Essentially, the normal of the vertex would be the average of the adjacent faces' (triangles) normals. In pseudocode: for each face adjacent to vertex[n] sum = sum + face.normal normal[n] = NORMALIZE(sum / COUNT(adjacent faces)) Repeat for each vertex.


4

It's common for people to compute lighting in eye space because of how the specular component of lighting in the Phong model is calculated. Doing the calculation in view space, allows you to avoid a vector subtraction in the vertex shader, a basically negligible optimization. If you were instead to do the calculations in world space, which you absolutely ...


4

To me it looks very much like your issue here is that you are mixing world and viewspace or something similiar. Now your GBuffer normals look like they might be in viewspace in that picture, but the code in your geometry pass definitely doesn't transform them from world to view space. If they are in world space then your NBT matrix is basically oriented ...


3

The way you are computing vertex normals only considers an individual quad and not its neighbours. Thus you get the discontinuities between the somewhat flat quads. If you want smooth normals, the way to compute them is to consider the gradient of nearby vertices on your grid. If you've got points on the form a-b-c | | | d-e-f | | | g-h-i then you want ...


3

There is nothing inherently wrong with your original code when it comes to normalization. The only problem can be with meshes that do not properly share vertices, meaning your normalization code will always normalize the vertices that belong to a single Triangle. If you wish to fix such a mesh, you should either: Weld all vertices during import stage Apply ...


3

You need to edit your shader source file in order to add "Cull Off" inside, more info here If you are not writing your own shaders (and so use default provided Unity shaders) then you can look at proposed solutions here


3

I'm not sure why you say the suggestion in the comments "gets worse" - I implemented it and it performs as expected: In each of these examples we have the same cubic spline being wrapped in a tube mesh, using a calculated normal to the spline at each point to decide the orientation of each tube cross-section. I've marked the 0, 90, 180, and 270-degree ...


3

Imagine applying a force along those normals to the faces. If the normals both face in the same direction (e.g. outward), then it would have a book closing effect, the faces would get closer. If they faced in different directions, it would just rotate the whole thing. To make this a little easier to implement, you need to make it more abstract. The concept ...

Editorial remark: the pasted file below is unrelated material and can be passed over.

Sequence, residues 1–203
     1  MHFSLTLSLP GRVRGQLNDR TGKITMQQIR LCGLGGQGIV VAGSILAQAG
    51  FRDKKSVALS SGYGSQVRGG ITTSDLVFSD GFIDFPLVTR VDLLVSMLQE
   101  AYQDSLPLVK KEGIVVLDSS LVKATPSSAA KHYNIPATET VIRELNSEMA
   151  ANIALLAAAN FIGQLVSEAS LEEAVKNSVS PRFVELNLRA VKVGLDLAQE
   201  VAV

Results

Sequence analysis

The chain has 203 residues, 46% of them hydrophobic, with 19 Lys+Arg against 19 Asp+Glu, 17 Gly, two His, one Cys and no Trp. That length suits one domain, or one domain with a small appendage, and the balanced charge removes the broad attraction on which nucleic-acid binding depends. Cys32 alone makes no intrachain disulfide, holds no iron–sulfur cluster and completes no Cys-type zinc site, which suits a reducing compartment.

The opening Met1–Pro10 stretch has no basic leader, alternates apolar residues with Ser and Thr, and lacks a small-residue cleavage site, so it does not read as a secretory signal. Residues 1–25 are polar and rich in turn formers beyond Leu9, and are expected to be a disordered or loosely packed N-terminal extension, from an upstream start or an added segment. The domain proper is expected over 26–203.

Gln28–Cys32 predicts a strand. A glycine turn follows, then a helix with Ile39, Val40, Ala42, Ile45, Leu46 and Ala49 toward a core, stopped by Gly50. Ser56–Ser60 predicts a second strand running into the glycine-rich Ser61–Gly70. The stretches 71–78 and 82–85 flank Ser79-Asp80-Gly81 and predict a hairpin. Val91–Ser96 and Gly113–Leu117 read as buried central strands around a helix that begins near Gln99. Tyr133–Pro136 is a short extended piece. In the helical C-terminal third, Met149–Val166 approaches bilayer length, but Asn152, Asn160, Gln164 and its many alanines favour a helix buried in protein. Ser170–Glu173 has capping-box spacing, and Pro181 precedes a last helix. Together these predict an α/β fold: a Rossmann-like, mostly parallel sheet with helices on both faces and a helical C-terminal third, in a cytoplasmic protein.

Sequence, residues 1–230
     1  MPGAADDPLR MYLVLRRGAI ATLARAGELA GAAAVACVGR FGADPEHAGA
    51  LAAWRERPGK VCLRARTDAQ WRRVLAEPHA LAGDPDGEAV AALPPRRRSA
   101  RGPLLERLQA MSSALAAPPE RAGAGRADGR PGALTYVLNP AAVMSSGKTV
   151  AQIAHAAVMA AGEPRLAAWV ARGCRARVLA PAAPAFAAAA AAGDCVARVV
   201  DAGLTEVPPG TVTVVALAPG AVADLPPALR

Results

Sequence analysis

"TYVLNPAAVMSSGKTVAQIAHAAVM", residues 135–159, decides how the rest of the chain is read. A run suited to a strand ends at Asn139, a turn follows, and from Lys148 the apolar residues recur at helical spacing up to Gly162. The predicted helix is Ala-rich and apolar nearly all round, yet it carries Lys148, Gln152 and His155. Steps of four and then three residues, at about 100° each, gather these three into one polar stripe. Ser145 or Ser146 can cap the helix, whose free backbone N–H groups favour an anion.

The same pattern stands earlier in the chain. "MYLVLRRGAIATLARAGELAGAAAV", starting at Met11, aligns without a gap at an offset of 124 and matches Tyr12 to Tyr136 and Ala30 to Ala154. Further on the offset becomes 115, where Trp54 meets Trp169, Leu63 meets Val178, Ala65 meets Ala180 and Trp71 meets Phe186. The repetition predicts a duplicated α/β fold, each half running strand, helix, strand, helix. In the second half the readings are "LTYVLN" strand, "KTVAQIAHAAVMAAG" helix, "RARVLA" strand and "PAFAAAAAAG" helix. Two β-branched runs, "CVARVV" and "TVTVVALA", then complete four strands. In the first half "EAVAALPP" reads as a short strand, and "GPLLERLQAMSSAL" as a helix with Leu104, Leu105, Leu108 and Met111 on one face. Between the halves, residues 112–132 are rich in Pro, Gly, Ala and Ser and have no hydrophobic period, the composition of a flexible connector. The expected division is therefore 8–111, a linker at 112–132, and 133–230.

2

To try and make reasonalby comple mathematical theory sort and concise: it is because the Normal is actually a co-vector rather than a vector. The difference between a covector and a vector is that a co-vector defines an opposite 'handedness' on sign reversal, while a vector defines an opposite 'direction' on sign reversal. For instance, reversing the normal ...


2

Minimal example that illustrates some details of how glNormal works with diffuse lightning. The comments of the display function explain what each triangle means. #include <stdlib.h> #include <GL/gl.h> #include <GL/glu.h> #include <GL/glut.h> /* Triangle on the x-y plane. */ static void draw_triangle() { glBegin(GL_TRIANGLES);...


2

The way you calculate your normals, you end up with this because you take the cross product of the triangle sides. Where red circles are normals pointing directly at the screen. Sideways it looks like this (both black lines are triangle faces seen from the side) Notice how for every face, the vertices that make it up are parallel to each other. Because ...


2

You can use the slopes between vertices instead of the triangle normals to average the vertex normal. This could be easily ported to the GPU if you have vertex shader texture fetch support. Gottfried Chen sums it up here with code: http://www.flipcode.com/archives/Calculating_Vertex_Normals_for_Height_Maps.shtml


2

No, you cannot mix different primitive types in the same shader / draw call. If you're drawing triangles, you can't also draw line segments. To draw face normals like this, you could do a second draw call with a geometry shader that generates the line segment for each face.


2

The performance difference will depend a lot on the hardware you're using, the only way to be sure is to test it. Technically you don't need a vertex buffer or index buffer at all - you can generate the position in the vertex shader in DX10/11, based on the integer index of the vertex. You can of course also skip the transform, by passing coordinates ...


2

You're unlikely to be bus-limited or vertex-limited on current or even recent hardware; except in extreme and unlikely scenarios, fillrate and ROP will kick in a lot sooner. If omitting normals gets your vertex size below 32 bytes that can be a win. If you still need some kind of shading, you can get normals down to 4 bytes (instead of 3 floats) by using a ...